Some us managed to squeeze onto another bus. My carefully laid plans of a double seat and luggage with me were to no avail as the luggage all went in the compartment under the seats and I stood for a distance before someone got off the coach and I got a seat.

At 6.00pm, or thereabouts, I got off the coach at Busega, got some charge into the phone at one of the charging booths, got some credit on the phone, contacted Alice and then, after an entertaining chat with some young men, found a taxi and travelled round the Kampala suburbs to Lebowa and Whitecrest Guesthouse.



Muhabura – Wisdom from Uganda – A thought for the day!

Proverbs 8: 1-3 (ESV)a38641c09d33894735e7f3c168b32028

Does not wisdom call? Does not understanding raise her voice? On the heights beside the way, at the crossroads she takes her stand; beside the gates in front of the town, at the entrance to the portals she cries aloud.

When I first came to Uganda in 1994, I travelled by train from Mombasa. A beautiful journey travelled at a snail’s pace in some ancient but well kept carriages and with silver service for meals and attendants who made up beds for passengers. The journey took for ever and included an unscheduled stop in Jinga because of a derailment closer to Kampala. The train waited 6 hours in Jinga!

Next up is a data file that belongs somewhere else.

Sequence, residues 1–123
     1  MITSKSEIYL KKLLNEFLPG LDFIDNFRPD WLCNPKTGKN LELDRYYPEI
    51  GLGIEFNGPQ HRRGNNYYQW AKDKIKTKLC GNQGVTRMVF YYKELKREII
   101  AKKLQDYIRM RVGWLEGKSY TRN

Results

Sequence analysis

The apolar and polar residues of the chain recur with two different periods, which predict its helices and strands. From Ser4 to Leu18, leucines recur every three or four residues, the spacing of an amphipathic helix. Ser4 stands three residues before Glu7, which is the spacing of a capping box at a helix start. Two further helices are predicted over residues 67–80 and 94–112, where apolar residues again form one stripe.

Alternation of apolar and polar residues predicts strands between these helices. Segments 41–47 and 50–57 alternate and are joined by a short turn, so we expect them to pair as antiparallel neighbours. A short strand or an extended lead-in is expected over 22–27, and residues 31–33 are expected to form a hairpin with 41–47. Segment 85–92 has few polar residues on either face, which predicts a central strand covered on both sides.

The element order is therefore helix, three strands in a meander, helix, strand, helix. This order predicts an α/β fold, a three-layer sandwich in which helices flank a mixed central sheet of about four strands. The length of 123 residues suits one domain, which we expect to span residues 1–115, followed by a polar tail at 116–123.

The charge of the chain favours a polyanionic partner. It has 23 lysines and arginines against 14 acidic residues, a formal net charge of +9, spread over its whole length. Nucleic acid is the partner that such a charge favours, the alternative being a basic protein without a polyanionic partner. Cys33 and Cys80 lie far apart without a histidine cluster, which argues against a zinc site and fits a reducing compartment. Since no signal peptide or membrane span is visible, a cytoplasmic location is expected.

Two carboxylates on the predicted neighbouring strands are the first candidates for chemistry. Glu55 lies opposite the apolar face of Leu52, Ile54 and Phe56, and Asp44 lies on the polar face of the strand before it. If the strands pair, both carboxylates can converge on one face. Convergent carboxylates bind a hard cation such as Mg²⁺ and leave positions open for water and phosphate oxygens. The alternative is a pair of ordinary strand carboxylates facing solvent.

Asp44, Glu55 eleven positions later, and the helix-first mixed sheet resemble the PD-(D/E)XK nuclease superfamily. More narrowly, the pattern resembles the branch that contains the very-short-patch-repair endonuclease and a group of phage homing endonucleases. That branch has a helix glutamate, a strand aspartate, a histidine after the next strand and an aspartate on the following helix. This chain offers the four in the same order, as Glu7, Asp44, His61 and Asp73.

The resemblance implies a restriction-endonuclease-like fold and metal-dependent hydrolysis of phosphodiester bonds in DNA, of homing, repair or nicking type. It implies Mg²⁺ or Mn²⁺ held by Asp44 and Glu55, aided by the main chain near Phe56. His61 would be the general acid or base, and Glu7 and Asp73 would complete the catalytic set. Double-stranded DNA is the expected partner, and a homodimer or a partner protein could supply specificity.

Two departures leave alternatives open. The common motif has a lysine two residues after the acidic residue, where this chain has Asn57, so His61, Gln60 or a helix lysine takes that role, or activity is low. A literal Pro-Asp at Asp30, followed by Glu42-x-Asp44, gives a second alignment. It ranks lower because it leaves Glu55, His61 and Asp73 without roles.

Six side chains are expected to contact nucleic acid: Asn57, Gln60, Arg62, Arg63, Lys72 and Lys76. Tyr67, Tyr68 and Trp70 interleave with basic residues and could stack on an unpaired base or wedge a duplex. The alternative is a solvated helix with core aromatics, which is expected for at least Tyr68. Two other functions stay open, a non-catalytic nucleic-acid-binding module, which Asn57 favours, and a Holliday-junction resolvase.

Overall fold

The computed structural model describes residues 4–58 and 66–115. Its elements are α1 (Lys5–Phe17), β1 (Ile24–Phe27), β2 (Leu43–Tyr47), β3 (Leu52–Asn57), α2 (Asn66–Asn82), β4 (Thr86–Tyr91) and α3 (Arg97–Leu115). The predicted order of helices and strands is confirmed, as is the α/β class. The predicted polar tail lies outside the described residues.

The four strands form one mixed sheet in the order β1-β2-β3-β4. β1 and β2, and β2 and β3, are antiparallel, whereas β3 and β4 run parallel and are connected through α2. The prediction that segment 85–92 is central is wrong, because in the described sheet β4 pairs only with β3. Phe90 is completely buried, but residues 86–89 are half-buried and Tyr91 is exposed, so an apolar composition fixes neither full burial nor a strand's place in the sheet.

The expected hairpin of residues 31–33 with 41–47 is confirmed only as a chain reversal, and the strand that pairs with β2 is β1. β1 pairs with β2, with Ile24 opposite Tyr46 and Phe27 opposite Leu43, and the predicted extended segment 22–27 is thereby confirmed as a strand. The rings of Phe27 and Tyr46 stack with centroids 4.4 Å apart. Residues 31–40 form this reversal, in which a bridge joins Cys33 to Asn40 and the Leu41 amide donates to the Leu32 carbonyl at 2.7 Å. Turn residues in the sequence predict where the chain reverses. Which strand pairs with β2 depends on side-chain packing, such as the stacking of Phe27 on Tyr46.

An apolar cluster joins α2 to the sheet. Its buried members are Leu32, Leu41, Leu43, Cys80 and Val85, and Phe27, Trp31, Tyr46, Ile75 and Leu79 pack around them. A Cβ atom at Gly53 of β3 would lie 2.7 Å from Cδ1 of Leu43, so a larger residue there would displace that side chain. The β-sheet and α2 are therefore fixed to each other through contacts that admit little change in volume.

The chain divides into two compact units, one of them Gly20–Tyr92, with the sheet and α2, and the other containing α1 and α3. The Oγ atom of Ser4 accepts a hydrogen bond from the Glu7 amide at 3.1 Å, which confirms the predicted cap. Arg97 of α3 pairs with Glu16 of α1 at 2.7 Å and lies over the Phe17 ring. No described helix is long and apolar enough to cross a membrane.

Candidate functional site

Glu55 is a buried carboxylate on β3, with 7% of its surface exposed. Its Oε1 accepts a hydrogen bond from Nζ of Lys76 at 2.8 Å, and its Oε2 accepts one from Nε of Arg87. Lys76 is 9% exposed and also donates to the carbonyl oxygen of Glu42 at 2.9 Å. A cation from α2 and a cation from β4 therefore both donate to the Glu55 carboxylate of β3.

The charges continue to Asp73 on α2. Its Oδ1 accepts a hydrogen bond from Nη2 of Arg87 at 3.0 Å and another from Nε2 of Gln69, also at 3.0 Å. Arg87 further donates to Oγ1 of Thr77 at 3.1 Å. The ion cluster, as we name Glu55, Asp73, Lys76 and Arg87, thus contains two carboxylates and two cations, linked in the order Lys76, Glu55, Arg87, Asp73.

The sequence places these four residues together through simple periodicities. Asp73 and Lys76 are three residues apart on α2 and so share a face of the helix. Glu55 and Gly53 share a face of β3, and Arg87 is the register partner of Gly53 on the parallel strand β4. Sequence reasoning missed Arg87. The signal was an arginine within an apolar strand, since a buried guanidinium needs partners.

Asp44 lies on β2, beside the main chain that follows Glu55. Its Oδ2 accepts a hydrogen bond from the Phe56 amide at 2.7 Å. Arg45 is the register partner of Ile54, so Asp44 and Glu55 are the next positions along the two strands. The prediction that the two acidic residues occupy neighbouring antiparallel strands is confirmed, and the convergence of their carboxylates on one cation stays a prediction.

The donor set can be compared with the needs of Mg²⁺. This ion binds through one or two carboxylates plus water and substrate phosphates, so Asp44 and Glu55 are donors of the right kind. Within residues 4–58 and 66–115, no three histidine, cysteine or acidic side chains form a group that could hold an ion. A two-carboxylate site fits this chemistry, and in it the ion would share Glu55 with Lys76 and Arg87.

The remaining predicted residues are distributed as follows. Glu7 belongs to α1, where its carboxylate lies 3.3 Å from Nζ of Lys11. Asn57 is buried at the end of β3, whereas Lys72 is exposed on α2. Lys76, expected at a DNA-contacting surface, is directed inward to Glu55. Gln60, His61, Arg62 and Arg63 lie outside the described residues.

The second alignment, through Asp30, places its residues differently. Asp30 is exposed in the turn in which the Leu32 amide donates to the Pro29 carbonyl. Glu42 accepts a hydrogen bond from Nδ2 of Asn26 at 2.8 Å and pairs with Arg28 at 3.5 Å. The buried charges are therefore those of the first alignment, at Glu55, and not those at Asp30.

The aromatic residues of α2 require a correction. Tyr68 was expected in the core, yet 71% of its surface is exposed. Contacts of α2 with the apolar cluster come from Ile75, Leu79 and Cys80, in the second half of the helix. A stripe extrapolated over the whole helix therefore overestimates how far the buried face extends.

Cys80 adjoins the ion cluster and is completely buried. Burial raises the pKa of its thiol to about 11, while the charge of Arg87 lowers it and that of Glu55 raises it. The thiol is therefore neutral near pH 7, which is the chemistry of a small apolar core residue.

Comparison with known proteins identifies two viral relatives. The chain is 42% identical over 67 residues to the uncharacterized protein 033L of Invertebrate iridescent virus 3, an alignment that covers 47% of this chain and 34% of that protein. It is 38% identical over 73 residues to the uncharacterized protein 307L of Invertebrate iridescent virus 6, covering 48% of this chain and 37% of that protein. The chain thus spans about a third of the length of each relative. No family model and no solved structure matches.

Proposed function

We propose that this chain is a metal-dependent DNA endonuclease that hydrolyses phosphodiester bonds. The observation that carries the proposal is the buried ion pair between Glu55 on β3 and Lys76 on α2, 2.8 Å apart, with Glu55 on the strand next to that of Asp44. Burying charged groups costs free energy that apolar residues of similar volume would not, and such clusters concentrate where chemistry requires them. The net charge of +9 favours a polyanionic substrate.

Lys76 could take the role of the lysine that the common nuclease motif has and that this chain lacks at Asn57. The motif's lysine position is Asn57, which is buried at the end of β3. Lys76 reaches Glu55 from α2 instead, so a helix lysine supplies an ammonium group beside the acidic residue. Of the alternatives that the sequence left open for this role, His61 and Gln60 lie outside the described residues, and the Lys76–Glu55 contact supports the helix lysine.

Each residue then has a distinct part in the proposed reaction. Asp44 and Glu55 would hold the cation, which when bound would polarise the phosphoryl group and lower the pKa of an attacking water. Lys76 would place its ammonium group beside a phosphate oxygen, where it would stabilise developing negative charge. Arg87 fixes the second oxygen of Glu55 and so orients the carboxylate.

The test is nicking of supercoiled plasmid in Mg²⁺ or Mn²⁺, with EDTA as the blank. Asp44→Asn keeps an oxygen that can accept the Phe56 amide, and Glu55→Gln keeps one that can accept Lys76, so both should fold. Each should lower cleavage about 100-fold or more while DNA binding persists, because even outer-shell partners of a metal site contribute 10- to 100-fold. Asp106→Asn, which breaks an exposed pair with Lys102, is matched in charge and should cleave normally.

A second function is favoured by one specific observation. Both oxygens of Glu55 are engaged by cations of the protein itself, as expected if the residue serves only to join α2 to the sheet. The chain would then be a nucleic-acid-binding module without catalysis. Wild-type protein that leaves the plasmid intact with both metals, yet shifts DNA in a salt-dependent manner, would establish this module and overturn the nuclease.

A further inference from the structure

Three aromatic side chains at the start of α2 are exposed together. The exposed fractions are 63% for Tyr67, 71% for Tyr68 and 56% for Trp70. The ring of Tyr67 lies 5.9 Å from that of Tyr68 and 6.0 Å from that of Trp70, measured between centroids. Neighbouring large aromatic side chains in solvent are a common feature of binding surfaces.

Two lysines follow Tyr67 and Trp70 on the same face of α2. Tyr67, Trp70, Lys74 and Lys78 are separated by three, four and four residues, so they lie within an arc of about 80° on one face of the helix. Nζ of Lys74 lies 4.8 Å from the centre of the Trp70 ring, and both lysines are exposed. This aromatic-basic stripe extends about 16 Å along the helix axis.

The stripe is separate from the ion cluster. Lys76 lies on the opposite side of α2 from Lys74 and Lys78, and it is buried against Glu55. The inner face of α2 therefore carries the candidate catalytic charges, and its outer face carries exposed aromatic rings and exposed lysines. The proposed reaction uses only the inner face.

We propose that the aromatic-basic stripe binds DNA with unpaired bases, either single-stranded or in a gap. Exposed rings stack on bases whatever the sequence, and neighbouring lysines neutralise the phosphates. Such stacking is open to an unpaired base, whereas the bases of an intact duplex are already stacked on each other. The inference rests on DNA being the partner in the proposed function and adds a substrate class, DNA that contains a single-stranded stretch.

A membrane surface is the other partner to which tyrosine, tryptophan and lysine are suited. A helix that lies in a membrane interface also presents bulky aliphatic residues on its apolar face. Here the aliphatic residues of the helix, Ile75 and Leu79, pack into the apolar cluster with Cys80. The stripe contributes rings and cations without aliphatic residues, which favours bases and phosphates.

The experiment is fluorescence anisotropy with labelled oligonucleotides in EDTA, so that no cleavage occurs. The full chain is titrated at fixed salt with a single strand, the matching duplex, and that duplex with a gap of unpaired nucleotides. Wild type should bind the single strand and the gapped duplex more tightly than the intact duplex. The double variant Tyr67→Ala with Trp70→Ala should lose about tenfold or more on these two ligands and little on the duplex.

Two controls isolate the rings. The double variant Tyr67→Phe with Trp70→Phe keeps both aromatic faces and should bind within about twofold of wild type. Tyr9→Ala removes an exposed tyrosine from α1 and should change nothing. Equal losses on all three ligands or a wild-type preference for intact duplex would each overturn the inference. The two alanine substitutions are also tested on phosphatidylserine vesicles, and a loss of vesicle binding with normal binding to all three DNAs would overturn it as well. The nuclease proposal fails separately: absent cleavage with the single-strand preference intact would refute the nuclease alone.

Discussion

On the last leg of the journey I was reading from Proverbs 8 – the passage above. It was as we came into the suburbs of Kampala that I looked up from reading to notice on the skyline a number of different religious buildings. I remember seeing two cathedrals, a Bahai temple and a mosque (I think). Here were various claims to wisdom calling out from the heights, ‘Listen to me!’

Kampala is a city of many hills and it seemed to me, on that first day that I saw it, to have a religious building on the top of each one.